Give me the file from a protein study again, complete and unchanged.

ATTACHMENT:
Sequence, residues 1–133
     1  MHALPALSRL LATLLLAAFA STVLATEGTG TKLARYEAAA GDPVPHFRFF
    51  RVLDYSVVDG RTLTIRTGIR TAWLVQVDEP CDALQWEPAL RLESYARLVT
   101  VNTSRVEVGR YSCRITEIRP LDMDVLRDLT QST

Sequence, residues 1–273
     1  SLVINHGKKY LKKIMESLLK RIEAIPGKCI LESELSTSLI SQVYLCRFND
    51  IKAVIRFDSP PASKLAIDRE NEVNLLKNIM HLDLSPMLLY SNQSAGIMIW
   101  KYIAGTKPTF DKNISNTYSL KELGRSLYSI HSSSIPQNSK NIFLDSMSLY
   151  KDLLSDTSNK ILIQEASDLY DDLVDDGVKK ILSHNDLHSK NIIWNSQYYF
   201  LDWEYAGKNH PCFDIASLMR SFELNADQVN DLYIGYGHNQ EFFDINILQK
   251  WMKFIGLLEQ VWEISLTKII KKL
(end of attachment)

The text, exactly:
Sequence, residues 1–133
     1  MHALPALSRL LATLLLAAFA STVLATEGTG TKLARYEAAA GDPVPHFRFF
    51  RVLDYSVVDG RTLTIRTGIR TAWLVQVDEP CDALQWEPAL RLESYARLVT
   101  VNTSRVEVGR YSCRITEIRP LDMDVLRDLT QST

Sequence, residues 1–273
     1  SLVINHGKKY LKKIMESLLK RIEAIPGKCI LESELSTSLI SQVYLCRFND
    51  IKAVIRFDSP PASKLAIDRE NEVNLLKNIM HLDLSPMLLY SNQSAGIMIW
   101  KYIAGTKPTF DKNISNTYSL KELGRSLYSI HSSSIPQNSK NIFLDSMSLY
   151  KDLLSDTSNK ILIQEASDLY DDLVDDGVKK ILSHNDLHSK NIIWNSQYYF
   201  LDWEYAGKNH PCFDIASLMR SFELNADQVN DLYIGYGHNQ EFFDINILQK
   251  WMKFIGLLEQ VWEISLTKII KKL